Others say it isn’t simple.
“The truth sort of lies in the middle,” said David Grabowski, a professor of Health Care Policy at Harvard Medical School, who has studied staffing and turnover rates in nursing homes. In Massachusetts that annual rate is 92 percent, higher than those in roughly half the U.S. He said this is likely due to the high cost of labor in the state, and MassHealth, the state’s Medicaid program, not covering the true cost of care.
He says “blunt staffing standards and wage floors” for workers are needed.
“We do need more money in the system, but if we’re going to pay these facilities more we have to expect more from them,” Grabowski said. “They don’t always put the money into care.”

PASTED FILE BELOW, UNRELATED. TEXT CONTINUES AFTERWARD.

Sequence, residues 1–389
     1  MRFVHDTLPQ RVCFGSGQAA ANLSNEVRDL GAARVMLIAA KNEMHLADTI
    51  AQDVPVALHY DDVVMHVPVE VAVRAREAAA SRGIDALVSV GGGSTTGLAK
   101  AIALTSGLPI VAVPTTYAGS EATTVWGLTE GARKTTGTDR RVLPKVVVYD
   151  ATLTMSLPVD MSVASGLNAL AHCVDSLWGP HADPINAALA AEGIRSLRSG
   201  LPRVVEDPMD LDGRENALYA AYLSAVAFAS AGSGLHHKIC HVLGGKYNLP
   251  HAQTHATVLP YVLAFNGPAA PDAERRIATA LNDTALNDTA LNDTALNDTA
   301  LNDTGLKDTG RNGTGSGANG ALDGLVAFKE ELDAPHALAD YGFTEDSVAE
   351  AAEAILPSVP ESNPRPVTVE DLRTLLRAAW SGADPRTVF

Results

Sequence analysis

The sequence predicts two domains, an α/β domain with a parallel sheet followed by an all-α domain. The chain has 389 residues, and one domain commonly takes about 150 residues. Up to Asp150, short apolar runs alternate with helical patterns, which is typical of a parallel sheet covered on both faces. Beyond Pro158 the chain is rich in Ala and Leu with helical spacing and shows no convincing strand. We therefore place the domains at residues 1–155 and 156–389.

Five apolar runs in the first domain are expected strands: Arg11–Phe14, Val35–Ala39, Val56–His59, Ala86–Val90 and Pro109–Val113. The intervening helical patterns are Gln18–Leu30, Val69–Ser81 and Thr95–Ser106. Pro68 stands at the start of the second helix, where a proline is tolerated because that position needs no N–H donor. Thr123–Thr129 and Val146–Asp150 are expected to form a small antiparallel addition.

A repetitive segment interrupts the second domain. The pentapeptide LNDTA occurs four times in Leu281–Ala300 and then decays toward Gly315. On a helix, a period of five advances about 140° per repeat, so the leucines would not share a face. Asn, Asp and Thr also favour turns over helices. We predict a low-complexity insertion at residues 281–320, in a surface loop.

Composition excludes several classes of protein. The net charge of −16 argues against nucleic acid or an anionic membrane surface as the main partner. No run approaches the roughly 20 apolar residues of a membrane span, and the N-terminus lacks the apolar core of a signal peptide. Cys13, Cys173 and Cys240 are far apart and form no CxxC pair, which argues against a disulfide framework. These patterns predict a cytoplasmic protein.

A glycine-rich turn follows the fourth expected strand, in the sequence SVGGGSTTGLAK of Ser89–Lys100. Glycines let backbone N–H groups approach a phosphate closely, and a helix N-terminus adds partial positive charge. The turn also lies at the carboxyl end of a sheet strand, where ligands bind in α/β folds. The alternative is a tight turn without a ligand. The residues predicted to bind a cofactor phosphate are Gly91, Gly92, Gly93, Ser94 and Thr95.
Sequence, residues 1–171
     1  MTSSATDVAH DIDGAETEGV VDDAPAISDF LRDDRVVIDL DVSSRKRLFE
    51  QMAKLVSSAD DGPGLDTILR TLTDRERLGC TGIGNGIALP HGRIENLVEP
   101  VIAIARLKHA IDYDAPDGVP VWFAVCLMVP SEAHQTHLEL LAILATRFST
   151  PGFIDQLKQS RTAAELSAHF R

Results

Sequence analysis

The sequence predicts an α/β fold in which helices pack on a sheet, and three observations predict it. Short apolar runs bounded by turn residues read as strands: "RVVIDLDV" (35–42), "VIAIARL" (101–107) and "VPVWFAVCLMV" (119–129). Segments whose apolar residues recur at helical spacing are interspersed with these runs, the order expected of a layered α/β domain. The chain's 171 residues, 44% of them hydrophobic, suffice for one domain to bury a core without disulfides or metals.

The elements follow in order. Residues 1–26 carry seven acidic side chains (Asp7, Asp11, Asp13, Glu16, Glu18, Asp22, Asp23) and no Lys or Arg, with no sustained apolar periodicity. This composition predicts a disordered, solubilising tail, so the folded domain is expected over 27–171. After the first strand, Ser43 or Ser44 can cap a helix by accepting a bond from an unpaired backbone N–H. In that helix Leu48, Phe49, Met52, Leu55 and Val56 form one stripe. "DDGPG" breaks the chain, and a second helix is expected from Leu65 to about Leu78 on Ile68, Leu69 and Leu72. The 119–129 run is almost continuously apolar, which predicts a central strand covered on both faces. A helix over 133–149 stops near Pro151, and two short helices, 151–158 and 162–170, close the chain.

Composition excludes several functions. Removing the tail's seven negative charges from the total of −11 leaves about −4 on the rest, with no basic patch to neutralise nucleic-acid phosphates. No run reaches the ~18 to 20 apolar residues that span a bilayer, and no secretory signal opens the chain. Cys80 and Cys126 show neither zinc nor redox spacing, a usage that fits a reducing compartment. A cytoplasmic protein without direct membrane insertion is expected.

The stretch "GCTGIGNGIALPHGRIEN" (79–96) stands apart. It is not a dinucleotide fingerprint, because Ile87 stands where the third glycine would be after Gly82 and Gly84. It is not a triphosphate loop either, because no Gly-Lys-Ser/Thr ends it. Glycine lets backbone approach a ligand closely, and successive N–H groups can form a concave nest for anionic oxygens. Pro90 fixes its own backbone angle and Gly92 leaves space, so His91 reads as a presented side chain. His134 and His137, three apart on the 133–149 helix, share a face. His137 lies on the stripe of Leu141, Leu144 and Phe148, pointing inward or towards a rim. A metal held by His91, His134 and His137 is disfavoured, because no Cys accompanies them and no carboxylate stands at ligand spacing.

Competing with Dunkin’?
This is why Massachusetts now requires nursing home operators to spend at least 75 percent of total revenue on the direct care of residents. The rule was set by Gov. Charlie Baker, based on the report from a Nursing Facility Task Force that assembled in 2019, made up of advocates, state, industry and union officials. It spawned the Nursing Facility Accountability and Supports Package, which allocated $82 million to increase reimbursement rates, and established other ways of boosting quality care and safety.
Industry officials say it isn’t enough, and continue to press the state to pump up investment. The gap between care costs and reimbursements for each resident is more than $25 a day, said Tara Gregorio, president of the Massachusetts Senior Care Association, and a member of the task force. Roughly 75 percent of long-term care residents are on MassHealth.